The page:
Our website uses cookies

Cookies enable us to provide the best experience possible and help us understand how visitors use our website. By browsing Materials Today, you agree to our use of cookies.

Okay, I understand Learn more
Electronic CHANGE TOPIC

Electronic properties news, December 2018

Using laser light to trap atoms in a checkerboard-like pattern, scientists have studied how resistance can develop in unconventional metals.

Scientists have demonstrated electronic switching in an ultrathin topological material that can carry a charge with nearly zero loss at room temperature.

Conventional computers could be replaced by massively parallel, low energy, more intelligent brain-like processors using artificial synaptic devices

Using oxygen doping, scientists have uncovered previously inaccessible details of the phase diagram of a high-temperature superconductor.

Scientists have developed a blend of two polymers, one conducting and one insulating, that can conduct electricity at temperatures up to 220°C.

Engineers have developed a method for making atom-flat sensors from 2D materials and then transferring them to curved surfaces.

Using an x-ray visualization technique called COBRA, scientists have imaged the 3D atomic and electron density structure of a perovskite crystal.

Congratulations to Prof M Stanley Whittingham.

Physicists have synthesized borophene with large-area single-crystal domains on copper substrates, making it suitable for electronic applications.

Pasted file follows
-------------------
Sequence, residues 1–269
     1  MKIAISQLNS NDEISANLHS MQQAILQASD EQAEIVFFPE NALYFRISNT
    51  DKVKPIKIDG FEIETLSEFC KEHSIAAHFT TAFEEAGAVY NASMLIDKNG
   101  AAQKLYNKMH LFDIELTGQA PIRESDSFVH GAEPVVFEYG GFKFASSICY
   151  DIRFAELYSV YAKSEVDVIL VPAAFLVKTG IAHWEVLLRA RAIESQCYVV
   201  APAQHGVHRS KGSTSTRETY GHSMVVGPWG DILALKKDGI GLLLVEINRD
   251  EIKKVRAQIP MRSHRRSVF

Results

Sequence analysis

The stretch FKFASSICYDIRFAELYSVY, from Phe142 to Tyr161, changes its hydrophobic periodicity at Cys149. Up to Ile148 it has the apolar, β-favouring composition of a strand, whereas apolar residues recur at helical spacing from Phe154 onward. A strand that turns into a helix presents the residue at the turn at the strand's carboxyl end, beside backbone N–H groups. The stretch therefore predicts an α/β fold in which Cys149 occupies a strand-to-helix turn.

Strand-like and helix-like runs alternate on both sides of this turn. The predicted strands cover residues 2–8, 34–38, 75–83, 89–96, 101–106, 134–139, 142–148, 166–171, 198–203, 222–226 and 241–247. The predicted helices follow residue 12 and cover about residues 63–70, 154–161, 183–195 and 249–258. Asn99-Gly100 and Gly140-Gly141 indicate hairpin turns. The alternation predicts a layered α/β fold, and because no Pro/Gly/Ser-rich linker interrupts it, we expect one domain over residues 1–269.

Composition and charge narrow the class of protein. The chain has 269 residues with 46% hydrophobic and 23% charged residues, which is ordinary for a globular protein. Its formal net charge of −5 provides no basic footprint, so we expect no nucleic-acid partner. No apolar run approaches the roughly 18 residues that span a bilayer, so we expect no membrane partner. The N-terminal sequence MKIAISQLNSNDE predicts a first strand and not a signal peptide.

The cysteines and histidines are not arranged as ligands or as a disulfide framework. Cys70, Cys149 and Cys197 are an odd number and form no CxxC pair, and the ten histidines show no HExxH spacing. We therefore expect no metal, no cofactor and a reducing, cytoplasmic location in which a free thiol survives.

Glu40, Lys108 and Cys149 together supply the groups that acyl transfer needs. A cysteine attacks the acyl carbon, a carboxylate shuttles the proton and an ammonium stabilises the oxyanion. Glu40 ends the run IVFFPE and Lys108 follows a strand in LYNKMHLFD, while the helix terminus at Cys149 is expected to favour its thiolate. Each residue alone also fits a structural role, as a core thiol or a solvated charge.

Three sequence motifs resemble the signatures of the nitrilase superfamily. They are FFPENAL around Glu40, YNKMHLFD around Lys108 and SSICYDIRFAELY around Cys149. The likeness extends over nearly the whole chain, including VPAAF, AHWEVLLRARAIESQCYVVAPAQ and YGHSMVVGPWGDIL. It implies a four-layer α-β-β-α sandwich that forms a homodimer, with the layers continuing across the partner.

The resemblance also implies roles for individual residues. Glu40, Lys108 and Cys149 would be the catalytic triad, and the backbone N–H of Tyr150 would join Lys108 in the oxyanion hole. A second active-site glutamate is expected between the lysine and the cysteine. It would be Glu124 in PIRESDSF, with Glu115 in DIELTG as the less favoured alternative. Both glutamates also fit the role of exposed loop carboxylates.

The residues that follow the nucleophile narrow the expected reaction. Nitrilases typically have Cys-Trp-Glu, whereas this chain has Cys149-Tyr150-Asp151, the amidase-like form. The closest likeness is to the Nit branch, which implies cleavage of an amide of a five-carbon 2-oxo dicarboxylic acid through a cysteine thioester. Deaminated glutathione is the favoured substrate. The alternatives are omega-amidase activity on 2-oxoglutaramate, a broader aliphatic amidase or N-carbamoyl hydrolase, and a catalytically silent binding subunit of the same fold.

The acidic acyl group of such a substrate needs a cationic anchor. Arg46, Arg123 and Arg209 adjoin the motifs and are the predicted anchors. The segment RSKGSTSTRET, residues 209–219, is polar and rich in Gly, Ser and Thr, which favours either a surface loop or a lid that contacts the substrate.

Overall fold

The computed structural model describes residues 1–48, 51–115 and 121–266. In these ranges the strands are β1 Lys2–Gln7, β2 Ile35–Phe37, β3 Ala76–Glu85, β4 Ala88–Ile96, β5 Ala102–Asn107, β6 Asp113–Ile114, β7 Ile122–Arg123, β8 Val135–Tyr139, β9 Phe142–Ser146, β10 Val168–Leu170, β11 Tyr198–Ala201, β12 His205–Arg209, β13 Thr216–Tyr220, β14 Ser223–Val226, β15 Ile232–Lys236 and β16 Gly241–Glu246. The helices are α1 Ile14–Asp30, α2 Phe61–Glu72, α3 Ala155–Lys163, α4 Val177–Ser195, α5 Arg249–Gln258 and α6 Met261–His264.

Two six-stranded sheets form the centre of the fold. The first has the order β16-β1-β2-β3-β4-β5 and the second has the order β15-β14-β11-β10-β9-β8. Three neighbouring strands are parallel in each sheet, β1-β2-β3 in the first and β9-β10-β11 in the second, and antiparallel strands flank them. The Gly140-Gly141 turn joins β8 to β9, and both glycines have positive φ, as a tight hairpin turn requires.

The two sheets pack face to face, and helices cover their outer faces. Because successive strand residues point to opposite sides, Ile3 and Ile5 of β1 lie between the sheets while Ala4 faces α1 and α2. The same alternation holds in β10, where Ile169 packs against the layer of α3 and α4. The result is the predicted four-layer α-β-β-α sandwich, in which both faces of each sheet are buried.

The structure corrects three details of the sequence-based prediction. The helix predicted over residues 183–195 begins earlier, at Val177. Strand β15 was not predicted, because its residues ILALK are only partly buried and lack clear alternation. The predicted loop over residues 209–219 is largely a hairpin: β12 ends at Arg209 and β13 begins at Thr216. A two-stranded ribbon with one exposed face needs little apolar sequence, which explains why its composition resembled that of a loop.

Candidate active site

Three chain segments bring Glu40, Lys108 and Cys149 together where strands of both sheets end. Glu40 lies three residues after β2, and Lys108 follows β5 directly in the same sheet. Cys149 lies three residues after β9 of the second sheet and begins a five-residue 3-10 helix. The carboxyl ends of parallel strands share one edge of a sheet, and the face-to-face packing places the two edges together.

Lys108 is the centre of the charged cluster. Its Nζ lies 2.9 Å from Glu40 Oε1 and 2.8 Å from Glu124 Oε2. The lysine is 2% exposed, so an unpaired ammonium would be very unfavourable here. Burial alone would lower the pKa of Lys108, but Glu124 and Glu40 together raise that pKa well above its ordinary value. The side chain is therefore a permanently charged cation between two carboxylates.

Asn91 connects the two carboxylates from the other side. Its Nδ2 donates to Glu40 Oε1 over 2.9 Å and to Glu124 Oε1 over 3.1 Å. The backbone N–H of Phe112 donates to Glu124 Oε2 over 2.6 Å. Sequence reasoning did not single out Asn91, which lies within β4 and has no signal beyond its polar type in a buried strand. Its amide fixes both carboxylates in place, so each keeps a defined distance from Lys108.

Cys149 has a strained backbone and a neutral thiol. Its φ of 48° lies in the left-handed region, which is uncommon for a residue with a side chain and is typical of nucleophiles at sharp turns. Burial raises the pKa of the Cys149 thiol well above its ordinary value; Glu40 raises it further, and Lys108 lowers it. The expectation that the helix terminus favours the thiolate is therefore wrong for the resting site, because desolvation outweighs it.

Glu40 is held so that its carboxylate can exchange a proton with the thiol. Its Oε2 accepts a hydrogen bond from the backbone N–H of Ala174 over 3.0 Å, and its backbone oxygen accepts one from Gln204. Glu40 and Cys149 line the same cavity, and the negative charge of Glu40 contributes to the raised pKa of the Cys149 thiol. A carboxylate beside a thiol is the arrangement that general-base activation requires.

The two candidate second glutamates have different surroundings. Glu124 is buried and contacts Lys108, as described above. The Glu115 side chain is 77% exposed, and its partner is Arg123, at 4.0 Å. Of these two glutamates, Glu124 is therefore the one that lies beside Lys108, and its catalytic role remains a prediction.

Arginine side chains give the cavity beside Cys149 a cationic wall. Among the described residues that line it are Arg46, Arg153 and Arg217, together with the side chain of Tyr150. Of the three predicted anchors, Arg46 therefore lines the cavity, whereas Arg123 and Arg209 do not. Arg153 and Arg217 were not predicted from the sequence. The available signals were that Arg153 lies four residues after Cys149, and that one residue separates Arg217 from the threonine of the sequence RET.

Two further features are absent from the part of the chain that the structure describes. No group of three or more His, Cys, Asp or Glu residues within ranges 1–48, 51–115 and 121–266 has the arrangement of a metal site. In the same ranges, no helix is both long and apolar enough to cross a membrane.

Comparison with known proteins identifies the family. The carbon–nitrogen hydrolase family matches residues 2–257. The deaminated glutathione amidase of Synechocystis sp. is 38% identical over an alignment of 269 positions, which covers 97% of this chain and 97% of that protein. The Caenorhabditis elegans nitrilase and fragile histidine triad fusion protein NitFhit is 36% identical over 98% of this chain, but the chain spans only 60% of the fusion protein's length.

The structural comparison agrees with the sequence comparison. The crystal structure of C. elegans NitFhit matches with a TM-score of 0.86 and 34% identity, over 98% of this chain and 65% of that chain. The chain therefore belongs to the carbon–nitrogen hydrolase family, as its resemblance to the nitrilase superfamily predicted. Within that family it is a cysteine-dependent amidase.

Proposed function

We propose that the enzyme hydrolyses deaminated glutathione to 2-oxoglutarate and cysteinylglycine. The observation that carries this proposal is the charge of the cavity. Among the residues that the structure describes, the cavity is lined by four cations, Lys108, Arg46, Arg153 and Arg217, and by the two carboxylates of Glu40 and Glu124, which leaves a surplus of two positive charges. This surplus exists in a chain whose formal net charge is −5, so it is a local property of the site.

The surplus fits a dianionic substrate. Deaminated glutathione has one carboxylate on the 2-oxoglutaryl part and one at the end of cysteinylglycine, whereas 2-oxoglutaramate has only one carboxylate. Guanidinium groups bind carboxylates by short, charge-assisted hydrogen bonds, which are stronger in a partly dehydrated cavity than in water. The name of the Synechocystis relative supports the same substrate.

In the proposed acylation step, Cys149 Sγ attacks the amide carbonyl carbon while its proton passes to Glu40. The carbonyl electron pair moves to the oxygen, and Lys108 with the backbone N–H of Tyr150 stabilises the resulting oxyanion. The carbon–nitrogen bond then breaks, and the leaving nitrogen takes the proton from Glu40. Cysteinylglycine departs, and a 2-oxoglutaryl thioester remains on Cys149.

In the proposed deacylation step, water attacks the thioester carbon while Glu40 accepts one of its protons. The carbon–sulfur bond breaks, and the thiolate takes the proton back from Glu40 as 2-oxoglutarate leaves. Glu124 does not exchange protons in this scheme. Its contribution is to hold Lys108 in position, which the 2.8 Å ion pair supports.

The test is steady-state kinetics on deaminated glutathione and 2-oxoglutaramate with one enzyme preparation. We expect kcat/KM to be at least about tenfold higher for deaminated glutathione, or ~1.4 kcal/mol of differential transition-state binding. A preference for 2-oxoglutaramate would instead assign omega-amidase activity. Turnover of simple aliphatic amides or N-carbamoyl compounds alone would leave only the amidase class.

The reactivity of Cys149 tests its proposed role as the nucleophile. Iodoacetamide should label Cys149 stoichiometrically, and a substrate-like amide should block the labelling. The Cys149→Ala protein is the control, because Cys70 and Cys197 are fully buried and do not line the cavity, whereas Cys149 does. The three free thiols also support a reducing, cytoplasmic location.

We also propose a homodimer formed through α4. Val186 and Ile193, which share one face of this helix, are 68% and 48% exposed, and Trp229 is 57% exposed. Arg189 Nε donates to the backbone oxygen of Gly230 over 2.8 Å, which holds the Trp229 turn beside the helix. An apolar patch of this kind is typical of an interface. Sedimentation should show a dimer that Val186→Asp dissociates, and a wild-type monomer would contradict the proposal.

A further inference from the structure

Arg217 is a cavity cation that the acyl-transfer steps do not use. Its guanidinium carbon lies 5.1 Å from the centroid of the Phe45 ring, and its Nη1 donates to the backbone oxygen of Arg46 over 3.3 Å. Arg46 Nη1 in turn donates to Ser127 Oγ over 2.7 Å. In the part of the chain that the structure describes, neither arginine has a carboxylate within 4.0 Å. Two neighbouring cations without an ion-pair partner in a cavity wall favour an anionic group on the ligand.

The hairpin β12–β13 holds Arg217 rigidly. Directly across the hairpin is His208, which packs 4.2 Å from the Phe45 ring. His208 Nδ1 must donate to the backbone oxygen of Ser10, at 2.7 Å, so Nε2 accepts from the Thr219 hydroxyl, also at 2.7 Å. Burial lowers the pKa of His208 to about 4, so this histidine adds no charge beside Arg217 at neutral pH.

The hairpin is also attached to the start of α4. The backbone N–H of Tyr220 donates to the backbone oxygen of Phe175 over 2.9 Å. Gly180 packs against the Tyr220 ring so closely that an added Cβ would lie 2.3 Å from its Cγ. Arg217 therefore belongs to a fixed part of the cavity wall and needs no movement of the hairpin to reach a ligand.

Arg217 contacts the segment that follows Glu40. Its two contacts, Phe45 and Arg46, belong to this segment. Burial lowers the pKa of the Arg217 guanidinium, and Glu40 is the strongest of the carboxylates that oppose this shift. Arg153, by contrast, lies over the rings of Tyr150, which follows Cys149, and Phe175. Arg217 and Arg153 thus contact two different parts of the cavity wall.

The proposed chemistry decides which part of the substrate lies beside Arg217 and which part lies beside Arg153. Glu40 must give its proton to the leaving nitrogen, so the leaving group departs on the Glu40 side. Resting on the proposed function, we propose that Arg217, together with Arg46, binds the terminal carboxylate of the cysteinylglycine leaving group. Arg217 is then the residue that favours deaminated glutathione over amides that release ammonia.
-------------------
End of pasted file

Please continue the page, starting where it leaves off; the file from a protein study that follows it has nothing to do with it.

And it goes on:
Multiferroics and topological materials have produced a new energy-efficient transistor called a magneto-electric spin-orbit (MESO) device.

Scientists have discovered that silicon contamination is the reason why graphene often doesn't perform as well as predicted.

bridging the gaps between aligned single-walled carbon nanotubes with metal atoms boosts electrical conductivity in a new direction

Nanoantibiotics could provide new ways of treating drug-resistant 'superbugs' and reducing the amounts of traditional antibiotics used

A novel thin-film material can rapidly transition from an electricity-transmitting metal to an insulator without changing its atomic structure.

making tiny, nanoscale holes into graphene sheets and removing them again could hold the key to manufacturing high-quality structures

Connect with us
What’s coming up in electronic properties…
13
May ’19

We welcome you to the sixth international biennial ‘Nanomaterials and Nanotechnology Meeting’ in Ostrava.

 
01
Sep ’19